Under some conditions, an attacker may be able to modify the behavior of forms, including how results are submitted.
None of the solutions that web users can take are complete solutions. In the end, it is up to web page developers to modify their pages to eliminate these types of problems.
However, web users have two basic options to reduce their risk of being attacked through this vulnerability. The first, disabling scripting languages in their browser, provides the most protection but has the side effect for many users of disabling functionality that is important to them. Users should select this option when they require the lowest possible level of risk.
The second solution, being selective about how they initially visit a web site, will significantly reduce a user's exposure while still maintaining functionality. Users should understand that they are accepting more risk when they select this option, but are doing so in order to preserve functionality that is important to them.
Unfortunately, it is not possible to quantify the risk difference between these two options. Users who decide to continue operating their browsers with scripting languages enabled should periodically revisit the CERT/CC web site for updates, as well as review other sources of security information to learn of any increases in threat or risk related to this vulnerability.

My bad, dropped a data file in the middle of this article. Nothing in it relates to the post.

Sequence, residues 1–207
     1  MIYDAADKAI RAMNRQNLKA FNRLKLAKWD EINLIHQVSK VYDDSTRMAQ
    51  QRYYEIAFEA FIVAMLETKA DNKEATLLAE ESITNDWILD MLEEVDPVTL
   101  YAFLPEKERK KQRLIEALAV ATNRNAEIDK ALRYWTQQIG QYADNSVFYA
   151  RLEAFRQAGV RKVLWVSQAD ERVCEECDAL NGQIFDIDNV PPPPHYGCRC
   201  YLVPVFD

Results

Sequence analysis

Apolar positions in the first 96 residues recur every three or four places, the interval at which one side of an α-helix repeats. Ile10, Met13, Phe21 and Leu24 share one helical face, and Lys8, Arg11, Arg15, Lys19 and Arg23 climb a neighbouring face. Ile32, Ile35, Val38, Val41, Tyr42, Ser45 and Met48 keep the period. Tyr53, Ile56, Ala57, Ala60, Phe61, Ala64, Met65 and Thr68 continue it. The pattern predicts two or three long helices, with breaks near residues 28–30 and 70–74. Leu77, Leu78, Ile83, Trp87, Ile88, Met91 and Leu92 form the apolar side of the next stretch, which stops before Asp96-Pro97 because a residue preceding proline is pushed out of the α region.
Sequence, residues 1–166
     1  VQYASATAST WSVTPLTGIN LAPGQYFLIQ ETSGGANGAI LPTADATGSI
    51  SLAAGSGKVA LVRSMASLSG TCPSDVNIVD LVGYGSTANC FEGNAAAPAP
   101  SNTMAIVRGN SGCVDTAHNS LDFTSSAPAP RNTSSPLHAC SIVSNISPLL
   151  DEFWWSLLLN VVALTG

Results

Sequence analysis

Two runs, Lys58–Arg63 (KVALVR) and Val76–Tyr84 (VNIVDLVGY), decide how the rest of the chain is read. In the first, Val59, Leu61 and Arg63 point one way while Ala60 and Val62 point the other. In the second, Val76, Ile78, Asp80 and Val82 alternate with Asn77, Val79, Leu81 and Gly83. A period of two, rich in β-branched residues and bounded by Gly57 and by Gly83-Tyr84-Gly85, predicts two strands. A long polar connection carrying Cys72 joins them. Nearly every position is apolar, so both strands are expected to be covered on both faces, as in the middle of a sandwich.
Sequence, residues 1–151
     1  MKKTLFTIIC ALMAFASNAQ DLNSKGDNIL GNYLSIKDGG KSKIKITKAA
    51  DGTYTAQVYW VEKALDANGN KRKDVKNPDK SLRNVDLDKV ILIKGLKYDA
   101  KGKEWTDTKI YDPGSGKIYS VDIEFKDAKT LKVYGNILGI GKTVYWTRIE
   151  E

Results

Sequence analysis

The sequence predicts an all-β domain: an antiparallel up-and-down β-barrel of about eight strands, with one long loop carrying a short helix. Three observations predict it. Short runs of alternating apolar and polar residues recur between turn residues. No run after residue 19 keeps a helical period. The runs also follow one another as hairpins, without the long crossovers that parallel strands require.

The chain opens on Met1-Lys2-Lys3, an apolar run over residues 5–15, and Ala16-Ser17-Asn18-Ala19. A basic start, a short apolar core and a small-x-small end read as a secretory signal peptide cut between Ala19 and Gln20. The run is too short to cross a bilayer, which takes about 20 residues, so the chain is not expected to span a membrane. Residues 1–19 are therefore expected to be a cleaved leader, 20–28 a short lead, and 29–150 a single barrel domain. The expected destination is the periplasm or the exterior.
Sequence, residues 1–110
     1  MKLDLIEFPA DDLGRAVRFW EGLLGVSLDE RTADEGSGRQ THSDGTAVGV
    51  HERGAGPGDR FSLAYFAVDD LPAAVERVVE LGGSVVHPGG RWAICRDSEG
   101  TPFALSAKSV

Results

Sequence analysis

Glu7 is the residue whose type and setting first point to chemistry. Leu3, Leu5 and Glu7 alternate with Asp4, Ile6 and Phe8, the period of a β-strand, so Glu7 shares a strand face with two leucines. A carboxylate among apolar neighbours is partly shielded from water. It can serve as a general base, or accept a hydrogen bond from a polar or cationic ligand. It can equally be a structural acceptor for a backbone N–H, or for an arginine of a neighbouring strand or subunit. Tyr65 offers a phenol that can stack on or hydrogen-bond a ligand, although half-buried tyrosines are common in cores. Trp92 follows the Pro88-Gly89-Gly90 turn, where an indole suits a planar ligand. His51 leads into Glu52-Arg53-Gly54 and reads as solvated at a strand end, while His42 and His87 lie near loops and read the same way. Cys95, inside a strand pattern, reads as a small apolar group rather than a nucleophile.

Exploiting this vulnerability to execute code requires that some form of embedded scripting language be enabled in the victim's browser. The most significant impact of this vulnerability can be avoided by disabling all scripting languages.
Note that attackers may still be able to influence the appearance of content provided by the legitimate site by embedding other HTML tags in the URL. Malicious use of the <FORM> tag in particular is not prevented by disabling scripting languages.
Detailed instructions to disable scripting languages in your browser are available from our Malicious Code FAQ:
Some users are unable or unwilling to disable scripting languages completely. While disabling these scripting capabilities is the most effective solution, there are some techniques that can be used to reduce a user's exposure to this vulnerability.
Since the most significant variations of this vulnerability involve cross-site scripting (the insertion of tags into another site's web page), users can gain some protection by being selective about how they initially visit a web site. Typing addresses directly into the browser (or using securely stored local bookmarks) is likely to be the safest way of connecting to a site.